What do you know about the Model T? You know – the iconic car that Ford produced during the early years of the twentieth century? People called it Tin Lizzie and it was the vehicle that opened up car travel to the American middle class, thanks to its affordability and availability.
That paragraph contains about all I knew of the Model T before last week. That and Henry Ford’s famous quote:
“Any customer can have a car painted in any color he likes so long as it is black.”
I had heard good things about the Model T Museum and hoped to stop in at some point during last week’s adventure. Making time for this was a great decision. This place is packed full of beautiful, fascinating vehicles. They have great signage that explains what’s so special about each one and about it’s place in the fabric of our history. I was also fortunate to catch a tour with one of the best tour guides imaginable, Senior Docent and Researcher Justin Mitchell.
It quickly became evident that my knowledge of the Model T was quite shallow and that there is so much more to learn than seemed imaginable when handing over my $3 admission.
The museum consists of two buildings. The first houses a nice showroom, library and gift shop. The annex, located across the street, is packed with more vehicles, including some arranged in themed rooms. One is set up like a twenties garage while another houses agricultural pieces. Work is ongoing to create more specialty rooms that will hopefully be done on my return trip.
They have many fascinating vehicles with interesting stories. Better yet, Justin is an engaging tour guide whose enthusiasm for his work is contagious. I don’t want to spoil the experience for you but want to point out that the Model T story is far more extensive than you would expect.
The collection changes periodically as vehicles rotate in and out on temporary or long term loans. This keeps the museum fresh and exciting, providing reason for repeat visits. At this time they have fire engines, a school bus and an Australian race car. They have farm tractors, a dump truck and some of the shiniest, most beautiful passenger vehicles imaginable. They even have a small airplane!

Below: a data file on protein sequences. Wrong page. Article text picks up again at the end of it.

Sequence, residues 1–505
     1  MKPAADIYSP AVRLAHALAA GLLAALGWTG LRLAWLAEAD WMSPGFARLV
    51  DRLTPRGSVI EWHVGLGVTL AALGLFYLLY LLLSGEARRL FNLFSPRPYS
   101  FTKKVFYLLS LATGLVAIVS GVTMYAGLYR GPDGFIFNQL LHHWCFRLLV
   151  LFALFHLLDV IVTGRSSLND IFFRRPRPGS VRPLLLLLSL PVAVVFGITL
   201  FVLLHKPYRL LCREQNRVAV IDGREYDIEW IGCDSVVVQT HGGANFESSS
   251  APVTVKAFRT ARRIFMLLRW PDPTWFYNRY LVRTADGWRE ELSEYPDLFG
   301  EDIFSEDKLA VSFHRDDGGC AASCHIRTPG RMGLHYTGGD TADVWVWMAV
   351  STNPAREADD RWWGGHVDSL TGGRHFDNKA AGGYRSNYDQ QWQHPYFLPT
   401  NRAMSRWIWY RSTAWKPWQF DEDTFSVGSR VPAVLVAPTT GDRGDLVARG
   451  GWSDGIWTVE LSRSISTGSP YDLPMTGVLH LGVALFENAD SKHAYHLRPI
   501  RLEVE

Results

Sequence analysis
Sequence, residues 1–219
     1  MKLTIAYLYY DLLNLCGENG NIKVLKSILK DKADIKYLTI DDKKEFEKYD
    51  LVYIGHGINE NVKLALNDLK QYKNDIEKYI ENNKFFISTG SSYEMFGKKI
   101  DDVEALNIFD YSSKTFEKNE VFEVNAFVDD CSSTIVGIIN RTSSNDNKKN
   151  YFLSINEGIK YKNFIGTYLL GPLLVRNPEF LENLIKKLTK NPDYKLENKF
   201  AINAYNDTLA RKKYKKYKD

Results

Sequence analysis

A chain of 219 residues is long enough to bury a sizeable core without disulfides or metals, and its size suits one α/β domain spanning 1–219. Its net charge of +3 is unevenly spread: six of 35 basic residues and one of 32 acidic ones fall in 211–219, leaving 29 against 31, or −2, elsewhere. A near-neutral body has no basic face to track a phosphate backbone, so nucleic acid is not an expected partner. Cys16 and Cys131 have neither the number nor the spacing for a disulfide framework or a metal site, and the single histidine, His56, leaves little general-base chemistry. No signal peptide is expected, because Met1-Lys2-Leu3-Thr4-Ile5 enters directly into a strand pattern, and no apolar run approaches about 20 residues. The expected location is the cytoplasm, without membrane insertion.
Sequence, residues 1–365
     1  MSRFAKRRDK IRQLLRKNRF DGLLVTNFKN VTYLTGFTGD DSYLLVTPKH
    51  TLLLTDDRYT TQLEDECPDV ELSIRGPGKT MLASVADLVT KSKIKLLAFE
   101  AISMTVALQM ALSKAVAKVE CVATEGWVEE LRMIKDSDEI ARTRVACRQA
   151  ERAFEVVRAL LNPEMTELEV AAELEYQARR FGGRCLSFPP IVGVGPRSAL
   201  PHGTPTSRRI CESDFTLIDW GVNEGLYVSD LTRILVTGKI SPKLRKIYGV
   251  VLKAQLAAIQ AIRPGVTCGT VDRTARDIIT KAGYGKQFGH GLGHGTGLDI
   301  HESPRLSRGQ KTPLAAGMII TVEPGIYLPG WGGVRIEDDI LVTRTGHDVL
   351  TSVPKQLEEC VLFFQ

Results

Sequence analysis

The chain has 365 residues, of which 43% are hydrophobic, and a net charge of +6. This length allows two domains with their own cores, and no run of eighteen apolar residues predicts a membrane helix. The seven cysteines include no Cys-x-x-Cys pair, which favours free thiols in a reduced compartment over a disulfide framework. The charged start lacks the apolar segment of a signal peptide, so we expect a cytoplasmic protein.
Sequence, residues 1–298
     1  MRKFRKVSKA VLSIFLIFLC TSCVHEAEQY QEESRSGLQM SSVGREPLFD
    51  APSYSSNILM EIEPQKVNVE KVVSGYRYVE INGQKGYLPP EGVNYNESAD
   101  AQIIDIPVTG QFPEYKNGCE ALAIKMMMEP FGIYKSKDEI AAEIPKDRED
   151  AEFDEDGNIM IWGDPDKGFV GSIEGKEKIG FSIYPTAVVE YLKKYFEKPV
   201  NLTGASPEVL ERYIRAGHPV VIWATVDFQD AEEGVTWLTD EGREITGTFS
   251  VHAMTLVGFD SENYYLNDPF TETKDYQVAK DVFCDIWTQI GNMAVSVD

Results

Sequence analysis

Justin relayed stories, not just about the cars but about what they meant to people, what they still mean to people. He talked about a retired fire chief who visited and recognized a fifties fire engine that he drove many years ago.
He took the time to explain the inconvenience of stopping for gas in one particular model, given the challenging location of the gas tank and the lack of a gas gauge. This really made me thankful for the gauge on my little Hyundai and for pay at the pump on practically every corner in every American town!
Justin discussed what it meant to a farmer to have access to a kit that would transform his Model T into a farm tractor with twenty minutes worth of effort. At a cost of about $200 this kit allowed the farmer to maximize the capabilities of the family car while saving money.
One of the most fascinating pieces isn’t very pretty but it is ingenious. At one time, you could buy a kit called “Snow-Bird” or “The Mailman’s Special” which equipped a Model T with attachments to provide mobility in snow. At a cost of about $350, it provided rural mail carriers, doctors and others who needed reliable winter transportation the tools needed to safely navigate in bad weather.
They have a car equipped with one of these mail order kits. They also have one that someone made using scrap wood from old cabinetry and other parts. It was a mail vehicle in Massachusetts, if I remember correctly, and was hand made with a little Yankee ingenuity. Like I said, it isn’t pretty but is sure is neat.
Here’s something I have learned, friends. We walk through life with specific interests, those things we know we enjoy. We like a certain band or genre of music. We like cars or model trains, books or science or polar bears or whatever it is that strikes a chord within us. And that’s what we learn about, care about and know.
But if we only learn and care about the things that we know we like, when do we broaden our horizons? What are we missing out on?
I knew little about the Model T before I met Justin and toured the museum. But I thought it was worth risking the $3 and a little time to see if there was something worth knowing from the experience. It was a wonderful experience and I had a great time. So good, in fact, I’m hoping to take my dad to visit sometime this year and I’m looking forward to seeing it all again.
This museum is about 45 minutes from Dayton and is located in a city rich in history with lots to do. There are two antique trails that start in Richmond as well as trails celebrating chocolate and wine. There are fun restaurants and opportunities to get outdoors plus it’s close to Indianapolis which is also rich in fun things to see and do.
If you like old cars or history or if you just want to learn about something new, this is a great place for you.
The Model T Museum is operated by the Model T Ford Club of America which happens to be the largest Model T Club in the world. Much of the work here is done by volunteers and through donations. Volunteers work on the cars and help with construction and other projects. Whether it’s a gift shop purchase, a few bucks in the donation box or a donated car part (or entire car), they will be thrilled to have your support.
I hope you’re fortunate to get Justin as your guide but I’m sure everyone else is great too! If you go, pay special attention to the hours. They do observe more limited hours during the winter time. Check out their website or Facebook for fun events and other information to make your visit more enjoyable.
One more thing – that famous quote about having any color the customer wants, as long as it’s black? Turns out this only applied to some years. These cars also came in gorgeous colors including red, green, blue and brown. I had no idea.